What exactly is the software as a service? Its not a specific technology – rather it is a business-technology model which has sparked the imagination of all walks of the business reason – and for good cause. SaaS. Alternately known as hosted software, on-demand software and web-based software is essentially the delivery of online based services and applications. This represents a considerable shift from old style onsite installation, management and maintenance of specific software at specific physical sites. Things are much simpler with the SaaS business model since the service provider assumes responsibility for security and performance, enabling the service purchaser to massively save costs by forgoing maintaining a dedicated IT department and cutting down on maintenance downtime. This business model is particularly attractive for small and medium businesses, who often cannot afford to maintain a full-blown IT department. Is it any wonder that over 60 percent of all listed companies in the U.S have integrated SaaS approaches into their operations?
Advantages of the Software as a Service model
For companies seeking to slash IT overhead, or for companies who are simply too small to maintain a dedicated IT staff, SaaS is a natural choice to make. In fact, companies who make the transition from on-premise installation and maintenance to SaaS generally benefit from over 15 percent reduction in IT spending.
As aforementioned, SaaS is a particularly good fit for small businesses. Instead of massive investments in building up server capacity and purchasing software licenses, SMBs can simply make monthly adjustments to their SaaS subscriptions, depending on their monthly work flow, demand projection and any other relevant variable. To the cost saving one also needs to add the saving in specialized human labor. Your IT experts, who often play a vital role in the core company mission, can focus on helping fulfill that mission, rather than maintaining software. And you don’t need to worry about service outages, or even physical damage to your servers – everything is backed up with the service provider who can restore services almost immediately.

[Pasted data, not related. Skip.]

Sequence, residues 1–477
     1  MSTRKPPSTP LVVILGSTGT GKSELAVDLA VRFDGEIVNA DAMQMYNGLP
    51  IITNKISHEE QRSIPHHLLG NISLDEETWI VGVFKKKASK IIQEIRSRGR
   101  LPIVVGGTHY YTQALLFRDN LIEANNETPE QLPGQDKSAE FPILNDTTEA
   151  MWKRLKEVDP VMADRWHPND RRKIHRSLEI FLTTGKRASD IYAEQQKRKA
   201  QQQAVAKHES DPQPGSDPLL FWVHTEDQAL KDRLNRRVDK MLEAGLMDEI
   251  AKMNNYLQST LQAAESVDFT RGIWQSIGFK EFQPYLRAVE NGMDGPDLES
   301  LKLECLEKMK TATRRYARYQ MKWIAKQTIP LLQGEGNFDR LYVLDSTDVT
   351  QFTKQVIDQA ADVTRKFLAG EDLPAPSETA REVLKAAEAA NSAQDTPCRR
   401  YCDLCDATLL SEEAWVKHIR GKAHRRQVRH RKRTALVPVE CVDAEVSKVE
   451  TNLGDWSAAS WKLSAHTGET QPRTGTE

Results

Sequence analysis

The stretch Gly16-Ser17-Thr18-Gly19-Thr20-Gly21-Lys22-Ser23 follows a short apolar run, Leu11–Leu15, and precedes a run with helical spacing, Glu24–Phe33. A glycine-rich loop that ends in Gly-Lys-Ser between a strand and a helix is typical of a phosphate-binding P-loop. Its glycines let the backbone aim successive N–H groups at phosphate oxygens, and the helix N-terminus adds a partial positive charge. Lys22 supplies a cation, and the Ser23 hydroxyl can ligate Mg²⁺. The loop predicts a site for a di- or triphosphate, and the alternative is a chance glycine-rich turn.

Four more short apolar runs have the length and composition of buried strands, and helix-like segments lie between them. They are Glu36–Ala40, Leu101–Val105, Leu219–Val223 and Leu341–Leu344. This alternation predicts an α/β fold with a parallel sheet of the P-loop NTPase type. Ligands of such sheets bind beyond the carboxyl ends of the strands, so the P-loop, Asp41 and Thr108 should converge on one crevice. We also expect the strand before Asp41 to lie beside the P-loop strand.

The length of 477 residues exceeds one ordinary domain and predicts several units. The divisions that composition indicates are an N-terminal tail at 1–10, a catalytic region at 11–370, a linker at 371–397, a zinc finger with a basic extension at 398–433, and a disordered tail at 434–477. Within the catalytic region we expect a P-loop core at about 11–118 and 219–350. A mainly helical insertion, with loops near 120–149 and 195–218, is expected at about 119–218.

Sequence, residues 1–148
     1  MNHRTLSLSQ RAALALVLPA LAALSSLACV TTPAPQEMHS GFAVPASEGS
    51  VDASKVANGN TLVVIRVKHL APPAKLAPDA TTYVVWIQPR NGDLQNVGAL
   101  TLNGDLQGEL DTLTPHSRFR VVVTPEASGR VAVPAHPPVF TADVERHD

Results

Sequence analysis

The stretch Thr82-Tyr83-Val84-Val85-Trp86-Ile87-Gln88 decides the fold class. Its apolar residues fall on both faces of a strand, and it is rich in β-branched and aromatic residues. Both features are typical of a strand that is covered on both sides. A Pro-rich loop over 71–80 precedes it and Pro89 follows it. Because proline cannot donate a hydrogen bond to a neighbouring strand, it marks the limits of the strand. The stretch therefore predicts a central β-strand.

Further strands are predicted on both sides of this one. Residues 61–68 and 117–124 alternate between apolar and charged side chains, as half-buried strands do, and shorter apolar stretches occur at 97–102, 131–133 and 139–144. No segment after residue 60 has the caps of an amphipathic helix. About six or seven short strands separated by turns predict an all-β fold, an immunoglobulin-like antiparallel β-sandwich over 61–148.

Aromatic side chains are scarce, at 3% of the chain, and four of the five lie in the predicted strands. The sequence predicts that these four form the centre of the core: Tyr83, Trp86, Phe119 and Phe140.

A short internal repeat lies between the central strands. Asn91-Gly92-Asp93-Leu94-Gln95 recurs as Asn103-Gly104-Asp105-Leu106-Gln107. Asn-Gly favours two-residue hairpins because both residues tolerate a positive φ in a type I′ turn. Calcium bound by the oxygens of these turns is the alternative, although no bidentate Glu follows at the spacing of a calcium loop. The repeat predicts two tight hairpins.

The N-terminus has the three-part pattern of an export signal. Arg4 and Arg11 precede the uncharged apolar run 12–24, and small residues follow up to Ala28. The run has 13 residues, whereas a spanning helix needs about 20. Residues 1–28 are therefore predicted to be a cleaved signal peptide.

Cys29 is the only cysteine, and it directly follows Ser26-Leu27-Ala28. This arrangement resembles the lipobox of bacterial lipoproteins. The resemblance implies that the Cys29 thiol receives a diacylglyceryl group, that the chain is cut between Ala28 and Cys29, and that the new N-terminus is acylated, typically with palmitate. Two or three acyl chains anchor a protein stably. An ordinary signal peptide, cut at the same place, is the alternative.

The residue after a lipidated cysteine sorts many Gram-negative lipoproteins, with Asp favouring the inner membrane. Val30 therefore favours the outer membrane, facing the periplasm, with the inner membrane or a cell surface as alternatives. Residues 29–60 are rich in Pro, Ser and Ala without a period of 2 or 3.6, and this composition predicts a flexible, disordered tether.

That said, adopting the SaaS model does come with certain shortcomings and caveats. Software integration can be an issues if multiple SaaS applications are adopted, or if hosted software is connected with pre-existing on-site apps.
Many businesses are also concerned about data security: a great deal of trust in the probity and competence of the SaaS provider is required to make this work. Finally, there are also government compliance regulations which must be taken into account concerning storage of customer data in off-site (and sometimes overseas) data centers.
Still, for those companies prepared to take this critical step there are numerous applications ready for immediate implementation that can seriously upgrade your business. Stay tuned for our next article to learn more!